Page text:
The Need for Speed series, in spite of the recent increasingly poorly met and unremarkable installments, remains one of the most prolific and influential racing game series of all time. However, with recent entries to the once hallowed franchise like Undercover, ProStreet and Nitro, one begins to wonder if the franchise has simply lost its way. It’s not as if EA hasn’t tried to bring it back on track, though- in the years following the superbly successful Need for Speed Underground series of games (which includes both the Underground games, Most Wanted and Carbon), EA attempted to mix things up and reboot the formula several times, by attempting to returning to realism (ProStreet), then to a storied underground racing based scene (Undercover), to both, arcade and realism (Nitro and Shift). None of them really worked out well at all.
Apparently, turning to gifted developers Criterion- creators of the superb Burnout series of video games, which swiftly replaced Need for Speed as the arcade racing experience- was a desperate move by EA. The Need for Speed franchise, after all, deserves much better than what it has got these past few years. But can Criterion work its magic? Or is Need for Speed totally beyond redemption?
A RETURN TO ROOTS
There are no two ways to say this, so I’ll just come out and say this- Need for Speed: Hot Pursuit looks great. It looks better than great. Simply put, I haven’t been this decided for a racer outside of Mario Kart since the first media for Need for Speed Underground was shown all those years ago. Criterion Games really know their stuff, and it shows here- from the superb graphics to the soundwork, from the thrill of speed and acceleration to the arcade style takedowns, Need for Speed: Hot Pursuit looks simply stellar as of now. Apparently, the house that Burnout made has worked its magic on a seemingly dead franchise, and in the process, has crafted what may be one of the best arcade racers since Burnout 3.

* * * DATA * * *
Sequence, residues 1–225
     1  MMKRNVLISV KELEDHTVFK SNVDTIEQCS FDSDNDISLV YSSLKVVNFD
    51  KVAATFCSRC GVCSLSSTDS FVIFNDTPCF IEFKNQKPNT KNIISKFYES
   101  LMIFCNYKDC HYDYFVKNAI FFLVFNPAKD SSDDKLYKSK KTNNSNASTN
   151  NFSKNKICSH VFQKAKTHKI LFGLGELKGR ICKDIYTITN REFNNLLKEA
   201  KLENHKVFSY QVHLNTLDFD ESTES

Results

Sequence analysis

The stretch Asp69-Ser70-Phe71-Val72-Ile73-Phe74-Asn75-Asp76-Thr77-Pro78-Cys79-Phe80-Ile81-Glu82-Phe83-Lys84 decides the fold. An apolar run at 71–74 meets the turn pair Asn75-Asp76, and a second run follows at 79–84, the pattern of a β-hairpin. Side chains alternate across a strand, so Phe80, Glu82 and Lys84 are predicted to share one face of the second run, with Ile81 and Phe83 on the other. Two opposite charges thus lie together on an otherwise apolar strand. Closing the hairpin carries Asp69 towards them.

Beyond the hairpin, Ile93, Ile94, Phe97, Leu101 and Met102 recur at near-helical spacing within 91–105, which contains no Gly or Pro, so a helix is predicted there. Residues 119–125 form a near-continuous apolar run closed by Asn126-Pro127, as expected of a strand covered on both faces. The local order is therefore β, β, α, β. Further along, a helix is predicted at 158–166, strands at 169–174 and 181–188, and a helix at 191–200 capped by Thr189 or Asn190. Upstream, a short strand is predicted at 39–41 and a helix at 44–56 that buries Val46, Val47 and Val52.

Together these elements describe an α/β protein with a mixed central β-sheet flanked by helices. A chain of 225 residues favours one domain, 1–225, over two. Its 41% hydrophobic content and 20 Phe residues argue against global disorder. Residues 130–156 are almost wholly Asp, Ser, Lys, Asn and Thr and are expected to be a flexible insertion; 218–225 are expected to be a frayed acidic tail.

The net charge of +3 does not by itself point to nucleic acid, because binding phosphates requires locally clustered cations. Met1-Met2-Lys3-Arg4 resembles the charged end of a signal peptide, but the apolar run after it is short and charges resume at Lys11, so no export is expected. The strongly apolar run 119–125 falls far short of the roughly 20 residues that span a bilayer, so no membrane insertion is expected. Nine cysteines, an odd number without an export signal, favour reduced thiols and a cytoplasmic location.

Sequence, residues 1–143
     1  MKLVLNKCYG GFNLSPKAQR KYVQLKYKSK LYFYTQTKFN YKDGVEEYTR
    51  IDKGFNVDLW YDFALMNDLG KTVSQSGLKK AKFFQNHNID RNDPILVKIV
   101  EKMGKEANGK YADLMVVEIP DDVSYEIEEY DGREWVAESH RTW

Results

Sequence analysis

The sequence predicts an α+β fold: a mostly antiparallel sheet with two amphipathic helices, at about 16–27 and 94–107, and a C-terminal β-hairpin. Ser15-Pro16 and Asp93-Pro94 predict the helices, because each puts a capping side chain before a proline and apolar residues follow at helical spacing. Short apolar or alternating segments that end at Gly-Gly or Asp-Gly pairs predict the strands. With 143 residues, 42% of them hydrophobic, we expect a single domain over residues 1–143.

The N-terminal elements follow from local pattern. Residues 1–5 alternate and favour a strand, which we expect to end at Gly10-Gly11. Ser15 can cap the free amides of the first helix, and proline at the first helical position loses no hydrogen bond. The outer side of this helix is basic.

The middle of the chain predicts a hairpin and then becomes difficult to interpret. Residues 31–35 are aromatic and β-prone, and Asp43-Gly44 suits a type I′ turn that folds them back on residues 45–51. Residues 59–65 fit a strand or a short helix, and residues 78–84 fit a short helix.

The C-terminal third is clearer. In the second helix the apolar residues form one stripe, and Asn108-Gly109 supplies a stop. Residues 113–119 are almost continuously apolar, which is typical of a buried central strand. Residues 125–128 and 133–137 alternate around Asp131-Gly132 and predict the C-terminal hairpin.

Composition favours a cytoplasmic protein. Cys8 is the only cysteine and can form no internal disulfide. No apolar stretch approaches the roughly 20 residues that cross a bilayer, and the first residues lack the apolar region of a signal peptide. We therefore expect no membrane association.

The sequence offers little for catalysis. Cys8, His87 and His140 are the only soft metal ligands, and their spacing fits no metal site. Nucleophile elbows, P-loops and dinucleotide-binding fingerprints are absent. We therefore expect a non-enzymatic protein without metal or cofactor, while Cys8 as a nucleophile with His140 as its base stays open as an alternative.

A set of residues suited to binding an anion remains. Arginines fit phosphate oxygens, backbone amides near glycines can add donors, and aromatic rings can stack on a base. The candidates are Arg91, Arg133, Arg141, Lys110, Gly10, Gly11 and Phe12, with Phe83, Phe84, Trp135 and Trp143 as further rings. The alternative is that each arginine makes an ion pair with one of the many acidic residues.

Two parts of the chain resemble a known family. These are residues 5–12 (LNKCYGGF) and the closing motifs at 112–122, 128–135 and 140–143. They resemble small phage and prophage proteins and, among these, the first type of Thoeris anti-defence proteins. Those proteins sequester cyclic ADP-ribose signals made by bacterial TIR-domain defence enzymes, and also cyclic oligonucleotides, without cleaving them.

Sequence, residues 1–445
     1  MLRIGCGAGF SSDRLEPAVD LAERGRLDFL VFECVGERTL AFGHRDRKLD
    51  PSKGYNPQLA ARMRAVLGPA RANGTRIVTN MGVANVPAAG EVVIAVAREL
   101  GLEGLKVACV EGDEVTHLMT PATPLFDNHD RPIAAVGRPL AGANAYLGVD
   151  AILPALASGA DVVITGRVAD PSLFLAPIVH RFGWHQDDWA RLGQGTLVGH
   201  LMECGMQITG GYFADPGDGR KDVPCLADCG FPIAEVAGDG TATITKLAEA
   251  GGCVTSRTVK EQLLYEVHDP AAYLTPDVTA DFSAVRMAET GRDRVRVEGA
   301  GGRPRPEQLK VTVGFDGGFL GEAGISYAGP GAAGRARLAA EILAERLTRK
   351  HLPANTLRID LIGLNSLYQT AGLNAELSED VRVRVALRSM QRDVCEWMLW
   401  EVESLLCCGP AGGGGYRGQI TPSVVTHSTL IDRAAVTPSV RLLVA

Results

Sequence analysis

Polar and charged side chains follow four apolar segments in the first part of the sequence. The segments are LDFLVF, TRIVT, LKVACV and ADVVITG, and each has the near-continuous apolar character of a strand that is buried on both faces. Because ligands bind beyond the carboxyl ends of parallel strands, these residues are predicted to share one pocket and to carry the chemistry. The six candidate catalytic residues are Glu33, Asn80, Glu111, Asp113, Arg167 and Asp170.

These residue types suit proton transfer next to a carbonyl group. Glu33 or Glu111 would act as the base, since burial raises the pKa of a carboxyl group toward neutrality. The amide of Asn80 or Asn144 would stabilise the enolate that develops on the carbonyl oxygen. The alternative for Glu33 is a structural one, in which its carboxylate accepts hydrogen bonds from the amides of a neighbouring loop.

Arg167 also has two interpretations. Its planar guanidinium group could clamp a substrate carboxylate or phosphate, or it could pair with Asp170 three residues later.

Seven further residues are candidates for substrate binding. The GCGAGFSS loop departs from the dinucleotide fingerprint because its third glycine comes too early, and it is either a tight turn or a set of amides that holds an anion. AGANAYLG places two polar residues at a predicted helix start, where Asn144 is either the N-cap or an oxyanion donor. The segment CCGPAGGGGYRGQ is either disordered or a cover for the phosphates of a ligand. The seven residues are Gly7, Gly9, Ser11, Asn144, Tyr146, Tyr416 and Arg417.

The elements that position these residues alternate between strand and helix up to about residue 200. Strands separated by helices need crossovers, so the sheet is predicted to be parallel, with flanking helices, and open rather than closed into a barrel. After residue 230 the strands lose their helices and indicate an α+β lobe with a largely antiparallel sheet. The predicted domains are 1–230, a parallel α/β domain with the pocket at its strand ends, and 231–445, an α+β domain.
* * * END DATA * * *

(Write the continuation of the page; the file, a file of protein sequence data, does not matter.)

Everything about the game- from the central cops and racers concept to the driving mechanics, from the graphical palette to heck, even the name of the game- all of it is steeped deeply in the franchise’s rich mythos. Deriving from the Hot Pursuit and Underground series of games, the upcoming title forgoes to the pretentious realism and the redundant plots of its immediate predecessors, in favor of a more arcadey, pick up and play style of gameplay.
Look at it this way- the one game mode we have been shown so far- Interceptor 1vs1- involves exotic cars racing around on lush locales, with one player the cop, and the other, the racer. The cop has to, you guessed it, take the racer down, Burnout style, whereas the racer has to evade the cop’s attempts at busting him. Both sides have special abilities, like calling for roadblocks to block the racer’s path, or jamming the police’s radar. Unlike previous games in the series, where being the cop was always more difficult, this time around, the cops seems to have it better, what with them racing around in Bugattis and all (I wish the police department of my city had such a budget, things would probably have been loads better for me and everybody else then). Being a racer involves considerably more skill, as not only do you have to avoid the cop cars’ constant aggression, but you also have to outrun and outmaneuver a car much better than yours, all the while avoiding things like roadblocks, and trying to evade those darned choppers flying high above you.
EA has described Need for Speed: Hot Pursuit as revolutionary, where it actually is anything but. The game is a thorough, faithful, modern interpretation of undisputed classics, and it has one the job incredibly well. Whereas Hot Pursuit definitely brings nothing new to the table, what it does bring is pure, unadulterated fun, in copious quantities to boot.